Skip Navigation LinksHome > March 2014 - Volume 25 - Issue 2 > The US 2009 A(H1N1) Influenza Epidemic: Quantifying the Impa...
Epidemiology:
doi: 10.1097/EDE.0000000000000055
Infectious Disease

The US 2009 A(H1N1) Influenza Epidemic: Quantifying the Impact of School Openings on the Reproductive Number

Huang, Karen E.a; Lipsitch, Marca,b; Shaman, Jeffreyc; Goldstein, Edwarda

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Abstract

Background:

There is limited information on differences in the dynamics of influenza transmission during time periods when schools are open compared with periods when they are closed.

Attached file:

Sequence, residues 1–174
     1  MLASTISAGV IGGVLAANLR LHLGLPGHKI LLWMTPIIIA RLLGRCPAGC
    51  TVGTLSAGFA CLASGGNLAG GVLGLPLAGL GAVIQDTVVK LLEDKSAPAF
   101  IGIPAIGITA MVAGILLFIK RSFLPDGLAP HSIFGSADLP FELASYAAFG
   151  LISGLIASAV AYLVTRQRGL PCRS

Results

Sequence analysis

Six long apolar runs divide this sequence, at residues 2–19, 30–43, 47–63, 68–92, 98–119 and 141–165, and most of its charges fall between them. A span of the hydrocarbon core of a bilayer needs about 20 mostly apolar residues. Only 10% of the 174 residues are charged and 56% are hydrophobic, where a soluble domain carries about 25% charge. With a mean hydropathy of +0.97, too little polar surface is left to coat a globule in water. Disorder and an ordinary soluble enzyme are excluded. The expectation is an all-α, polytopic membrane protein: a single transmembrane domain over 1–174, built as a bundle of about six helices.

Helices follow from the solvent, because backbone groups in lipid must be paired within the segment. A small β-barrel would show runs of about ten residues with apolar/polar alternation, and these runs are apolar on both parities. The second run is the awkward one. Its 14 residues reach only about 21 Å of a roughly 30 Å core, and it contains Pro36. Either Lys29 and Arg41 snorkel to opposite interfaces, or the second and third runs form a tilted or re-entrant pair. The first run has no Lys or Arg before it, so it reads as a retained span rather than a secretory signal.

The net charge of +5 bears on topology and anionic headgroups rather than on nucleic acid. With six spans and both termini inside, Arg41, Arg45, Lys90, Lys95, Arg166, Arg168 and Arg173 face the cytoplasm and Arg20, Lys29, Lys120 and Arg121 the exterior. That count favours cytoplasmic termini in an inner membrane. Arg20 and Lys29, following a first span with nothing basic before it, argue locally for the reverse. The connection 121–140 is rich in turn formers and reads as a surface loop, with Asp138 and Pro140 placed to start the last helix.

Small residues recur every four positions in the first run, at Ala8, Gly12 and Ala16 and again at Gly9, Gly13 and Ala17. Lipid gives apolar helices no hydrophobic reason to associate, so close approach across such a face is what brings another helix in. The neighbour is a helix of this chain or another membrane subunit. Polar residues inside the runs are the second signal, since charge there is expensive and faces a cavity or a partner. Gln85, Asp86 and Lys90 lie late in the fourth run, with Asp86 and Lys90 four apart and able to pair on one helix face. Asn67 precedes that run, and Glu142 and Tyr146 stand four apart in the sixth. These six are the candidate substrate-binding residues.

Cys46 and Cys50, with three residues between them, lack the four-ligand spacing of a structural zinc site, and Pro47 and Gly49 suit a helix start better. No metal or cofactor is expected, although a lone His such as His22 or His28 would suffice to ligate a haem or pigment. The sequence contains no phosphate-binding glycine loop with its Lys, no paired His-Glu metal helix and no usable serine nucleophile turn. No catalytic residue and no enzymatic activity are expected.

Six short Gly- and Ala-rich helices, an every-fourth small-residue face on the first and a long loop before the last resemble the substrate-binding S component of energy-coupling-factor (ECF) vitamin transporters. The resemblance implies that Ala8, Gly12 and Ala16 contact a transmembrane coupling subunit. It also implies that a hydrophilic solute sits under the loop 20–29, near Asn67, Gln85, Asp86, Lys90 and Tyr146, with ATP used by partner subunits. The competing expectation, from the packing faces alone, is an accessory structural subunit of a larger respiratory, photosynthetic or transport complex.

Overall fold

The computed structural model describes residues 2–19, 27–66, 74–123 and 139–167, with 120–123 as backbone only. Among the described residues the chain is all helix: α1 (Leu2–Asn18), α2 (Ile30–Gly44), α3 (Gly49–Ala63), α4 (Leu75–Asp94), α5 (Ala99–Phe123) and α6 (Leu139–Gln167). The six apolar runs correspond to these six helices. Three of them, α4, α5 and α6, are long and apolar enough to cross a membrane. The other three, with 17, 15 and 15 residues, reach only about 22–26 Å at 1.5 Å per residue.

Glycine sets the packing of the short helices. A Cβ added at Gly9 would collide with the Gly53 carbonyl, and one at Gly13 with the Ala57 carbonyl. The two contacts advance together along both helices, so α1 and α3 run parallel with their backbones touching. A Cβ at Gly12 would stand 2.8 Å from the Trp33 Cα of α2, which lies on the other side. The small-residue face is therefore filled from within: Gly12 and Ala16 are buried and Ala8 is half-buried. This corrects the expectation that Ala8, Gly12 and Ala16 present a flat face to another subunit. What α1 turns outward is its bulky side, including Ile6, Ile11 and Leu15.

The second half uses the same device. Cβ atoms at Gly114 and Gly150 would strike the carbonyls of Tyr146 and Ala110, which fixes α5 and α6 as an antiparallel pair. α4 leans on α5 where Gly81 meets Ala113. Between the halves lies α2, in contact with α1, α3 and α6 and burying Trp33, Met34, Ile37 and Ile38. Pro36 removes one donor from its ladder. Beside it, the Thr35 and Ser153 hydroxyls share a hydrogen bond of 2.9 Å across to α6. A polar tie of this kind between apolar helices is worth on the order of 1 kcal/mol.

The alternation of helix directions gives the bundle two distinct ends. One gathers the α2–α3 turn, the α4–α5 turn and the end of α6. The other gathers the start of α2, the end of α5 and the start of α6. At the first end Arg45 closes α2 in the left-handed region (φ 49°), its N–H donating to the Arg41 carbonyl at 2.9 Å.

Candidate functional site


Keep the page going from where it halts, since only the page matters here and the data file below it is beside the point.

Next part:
Methods:

Data on school openings, influenza surveillance, and absolute humidity were incorporated into a regression model to estimate the increase in the reproductive number for the 2009 A(H1N1) influenza pandemic associated with the opening of school in 10 US states.

Results:

The estimate for the average increase in the reproductive number for the 2009 A(H1N1) influenza pandemic associated with the beginning of the school year was 19.5% (95% credible interval = 10%–29%).

Conclusions:

Whether schools are open or closed can have a major impact on community transmission dynamics of influenza.

Copyright © 2014 by Lippincott Williams & Wilkins

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